Resistance wire


Resistance wire is wire intended for making electrical resistors (which are used to control the amount of current in a circuit).[1] It is better if the alloy used has a high resistivity, since a shorter wire can then be used. In many situations, the stability of the resistor is of primary importance, and thus the alloy's temperature coefficient of resistivity and corrosion resistance play a large part in material selection.

When resistance wire is used for heating elements (in electric heaters, toasters, and the like), high resistivity and oxidation resistance is important.

Sometimes resistance wire is insulated by ceramic powder and sheathed in a tube of another alloy. Such heating elements are used in electric ovens and water heaters, and in specialized forms for cooktops.


Nichrome, a non-magnetic 80/20 alloy of nickel and chromium, is the most common resistance wire for heating purposes because it has a high resistivity and resistance to oxidation at high temperatures. When used as a heating element, resistance wire is usually wound into coils. One difficulty in using nichrome wire is that common tin-based electrical solder will not bond with it, so the connections to the electrical power must be made using other methods such as crimp connectors or screw terminals.

Kanthal (Alloy 875/815), a family of iron-chromium-aluminium (FeCrAl) alloys is used in a wide range of high-temperature applications.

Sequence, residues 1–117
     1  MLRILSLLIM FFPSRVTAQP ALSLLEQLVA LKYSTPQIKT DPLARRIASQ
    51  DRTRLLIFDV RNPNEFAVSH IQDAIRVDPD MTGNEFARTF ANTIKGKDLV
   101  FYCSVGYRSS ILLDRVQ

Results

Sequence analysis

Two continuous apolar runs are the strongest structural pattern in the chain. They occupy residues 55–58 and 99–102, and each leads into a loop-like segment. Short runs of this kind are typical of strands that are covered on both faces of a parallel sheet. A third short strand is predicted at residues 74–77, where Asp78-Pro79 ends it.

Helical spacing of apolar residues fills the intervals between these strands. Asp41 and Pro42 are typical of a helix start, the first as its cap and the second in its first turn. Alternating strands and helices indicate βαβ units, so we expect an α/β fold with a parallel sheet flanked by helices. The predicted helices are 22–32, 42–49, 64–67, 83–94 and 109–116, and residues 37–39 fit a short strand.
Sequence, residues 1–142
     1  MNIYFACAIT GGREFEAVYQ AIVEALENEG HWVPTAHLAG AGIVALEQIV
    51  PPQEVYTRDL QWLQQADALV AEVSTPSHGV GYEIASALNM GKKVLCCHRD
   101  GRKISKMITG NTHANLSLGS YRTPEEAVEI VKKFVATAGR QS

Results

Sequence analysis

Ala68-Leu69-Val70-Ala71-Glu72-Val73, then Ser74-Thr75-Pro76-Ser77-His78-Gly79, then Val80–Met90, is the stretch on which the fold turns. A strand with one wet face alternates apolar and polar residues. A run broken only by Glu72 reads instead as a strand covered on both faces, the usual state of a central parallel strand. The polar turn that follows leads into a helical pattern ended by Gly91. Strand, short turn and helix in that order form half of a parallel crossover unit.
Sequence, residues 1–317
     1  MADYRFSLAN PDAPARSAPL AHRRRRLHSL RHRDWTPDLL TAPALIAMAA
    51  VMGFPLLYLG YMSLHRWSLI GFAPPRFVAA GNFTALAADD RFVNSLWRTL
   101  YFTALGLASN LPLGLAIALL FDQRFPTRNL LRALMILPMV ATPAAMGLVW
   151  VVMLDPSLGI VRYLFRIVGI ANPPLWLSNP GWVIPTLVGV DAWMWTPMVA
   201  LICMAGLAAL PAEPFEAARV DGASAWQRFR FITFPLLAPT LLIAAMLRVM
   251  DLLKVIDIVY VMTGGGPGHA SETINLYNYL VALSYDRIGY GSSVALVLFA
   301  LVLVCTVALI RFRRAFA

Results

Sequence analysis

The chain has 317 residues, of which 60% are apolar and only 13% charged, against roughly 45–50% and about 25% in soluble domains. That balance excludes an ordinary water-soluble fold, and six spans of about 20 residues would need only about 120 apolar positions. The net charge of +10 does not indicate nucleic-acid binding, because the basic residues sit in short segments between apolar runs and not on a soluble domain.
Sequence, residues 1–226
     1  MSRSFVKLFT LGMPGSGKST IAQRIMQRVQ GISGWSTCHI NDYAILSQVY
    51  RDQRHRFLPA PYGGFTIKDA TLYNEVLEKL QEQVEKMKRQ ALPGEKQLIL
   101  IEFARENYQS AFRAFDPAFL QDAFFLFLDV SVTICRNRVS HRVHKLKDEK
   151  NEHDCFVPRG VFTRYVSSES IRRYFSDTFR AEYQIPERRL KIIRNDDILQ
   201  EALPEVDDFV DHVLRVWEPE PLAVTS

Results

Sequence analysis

Constantan [Cu55Ni45] has a low temperature coefficient of resistivity and as a copper alloy, is easily soldered. Other constant-resistance alloys include manganin [Cu86Mn12Ni2], Cupron [Cu53Ni44Mn3][2] and Evanohm.

The Evanohm family of nickel-chrome alloys [Ni72Cr20Mn4Al3Si1],[3] [Ni73Cr20Cu2Al2Mn1Si],[4] have high resistance, low temperature coefficient of resistance, low electromotive force (Galvani potential) when in contact with copper, high tensile strength, and also are very stable with regards to heat treatment.

Balco [Ni70Fe30] and similar alloys have very high, but more linear, temperature coefficient of resistivity, making them suitable for sensing elements.

Many elements and alloys have been used as resistance wire for special purposes. The table below lists the resistivity of some common materials. The resistivity of amorphous carbon actually has a range of 3.8 - 4.1 × 10−6 Ω m.

Material Resistivity
(10−6 ohm-cm)
Aluminum 15.94 2.650
Brass 42.1 7.0
Carbon (amorphous) 23 3.95
Constantan 272.97 45.38
Copper 10.09 1.678
Iron 57.81 9.61
Manganin 290 48.21
Molybdenum 32.12 5.34
Nichrome 675 112.2
Nichrome V 650 108.1
Nickel 41.69 6.93
Platinum 63.16 10.5
Stainless steel (304) 541 90
Steel (0.5% carbon) 100 16.62
Zinc 35.49 5.90

Trade names

Trade names include:[5]

MWS Wire Ind. Carpenter Tech. Driver-Harris Harrison Hoskins Jelliff Kanthal
MWS-875 Alchrome 875 HAI-FeCr AI 25 Alloy 875 Kanthal A-1
MWS-800 Evanohm Karma HAI-431 Chromel R Alloy 800 Nikrothal L
MWS-675 Tophet C Nichrome HAI-NiCr 60 Chromel C Alloy C Nikrothal 6
MWS-650 Tophet A Nichrome V HAI-NiCr 80 Chromel A Alloy A Nikrothal 8
MWS-294 Cupron Advance HAI-CuNi 102 Copel Alloy 45 Cuprothal 294
MWS-180 180 Alloy Midohm HAI-180 Alloy 380 Alloy 180 Cuprothal 180
MWS-120 Balco Hytemco HAI-380 Alloy 120
MWS-90 90 Alloy #95 Alloy HAI-90 Alloy 290 Alloy 90 Cuprothal 90
MWS-60 60 Alloy Lohm HAI-60 Alloy 260 Alloy 60 Cuprothal 60
MWS-30 30 Alloy #30 Alloy HAI-30 Alloy 230 Alloy 30 Cuprothal 30


  1. ^ "Resistance Wire".
  2. ^ Carpenter Technology, CBX Cupron® Alloy
  3. ^ Carpenter Technology, Evanohm Alloy S
  4. ^ Carpenter Technology, Evanohm Alloy R
  5. ^ "Resistance Wire".